The principle of supply chain risk management revolves around ensuring a steady stream of the materials needed to make or sell a product. Whether a business builds complex industrial products like cars or is a smaller operation like selling hamburgers, its process depends on using things (like parts of engines or hamburger buns) made by other companies.
If deliveries from a supplier unexpectedly stop, one might not be able to deliver on one’s products – it’s hard to make hamburgers without the buns. These sorts of worries have led to a lot of thinking about the best ways to perform supply chain risk management in various contexts. Clearly, managing the risk of interruptions to one’s supply chains is vital for businesses of any size.
It’s important to know where the vulnerabilities of one’s supply chain lie. Also, remember that risks may emerge from both expected and unexpected sources. Once you know where those risks lie, you can start working to minimize them by building a risk management plan. As we will see, these plans will rely on collaboration with suppliers, diversifying one’s sources for materials, creating a reliable and varied transport network, and constant monitoring.
Experts have developed many different ways of looking at the risks inherent in doing business in a context where large, border-crossing supply chains are typical. We’re even more aware of these risks in the time of our global pandemic. Some of the most commonly written about sources of risk are as follows:
The process of thinking about supply chain risk management should start with considering these risk types. Businesses that neglect making proper risk management plans can face challenging situations.
The first step to managing supply chain risk is to identify what could go wrong systematically. A good supply chain risk management plan starts with considering the factors mentioned above but goes beyond just thinking about them. Instead, one needs to work on risk mapping.
Risk mapping involves drawing out each step of the supply chain from source to manufacturer to warehouse to retailer. It’s a project that can’t just extend to the sources that one directly deals with; think of the source of your sources as well. Of course, their suppliers too – all the way back to the natural resources necessary for your product.
The reason for going back to the source of the products is that any interruption to any of the links will reverberate to the top. Thus, risk maps are often global in scope, stretching to distant corners of the world.
Once you have sketched the supply chain in as much detail as possible, establish the different types of risks you need to evaluate at each stage. What’s the chance of a natural disaster in the areas where you extract resources? Is a particular manufacturer located in a politically unstable part of the world? Answering these questions will show where the mitigation of risk needs to happen.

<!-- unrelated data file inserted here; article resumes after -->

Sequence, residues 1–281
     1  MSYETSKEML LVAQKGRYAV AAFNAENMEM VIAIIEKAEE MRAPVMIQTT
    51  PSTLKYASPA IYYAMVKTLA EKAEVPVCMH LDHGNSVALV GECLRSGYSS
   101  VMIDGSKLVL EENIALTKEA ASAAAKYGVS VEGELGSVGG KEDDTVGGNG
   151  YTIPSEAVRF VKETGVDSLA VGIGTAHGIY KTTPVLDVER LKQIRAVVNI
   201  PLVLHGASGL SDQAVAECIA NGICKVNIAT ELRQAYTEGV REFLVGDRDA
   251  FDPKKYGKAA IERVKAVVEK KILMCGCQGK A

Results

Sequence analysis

The ways of mitigating risk depend on many business-specific factors. (How many other suppliers are there? What volume of a product is necessary?) Still, there are a few approaches that will work in many contexts.
The first, and often the best, option is to collaborate with one’s sources. Learning with greater precision about their supply network will help your plan become better. Also, a customer can push a source to improve its own supply chain risk management. The same steps taken to control one’s supply chain risk can help the companies within that supply chain – anything that improves their reliability decreases your risk.
One can also plan for an interruption stemming from a specific manufacturer by building relationships with other sources who can provide the same product. Having access to a diversity of sources ensures that the closure of one business or an interruption to production at one factory won’t be disastrous.
One often overlooked area of the supply chain is transport. The failure of a piece of infrastructure, like a dock or airport, can cause massive delays. Ensuring one has alternative ways of receiving the materials is incredibly important.
Finally, it is crucial to continually monitor the supply chain to ensure that the plan is up to date and features correct information. Data-driven insights help identify the supply chain links that are becoming riskier and enable proactive steps to reduce that risk.
When a product’s components have passed through thousands of hands before they reach a consumer, it might seem daunting to create a risk management plan covering an entire supply chain. Hopefully, the tools and tactics outlined in this article make it seem less so because the complexity of supply chains makes the work essential.
Finding pain points in your supply chain can be challenging. That why SupplyPike created its OTIF Radar app with data-driven, actionable insights. Track your carriers, your manufacturers, and your items’ flow to help you create a risk management plan. The best part? It’s free for 14 days!
SupplyPike OTIF Radar – Destination Analysis
SupplyPike builds software to help retail suppliers fight deductions, meet compliance standards, and dig down to root cause issues in their supply chain.Visit their Website ➝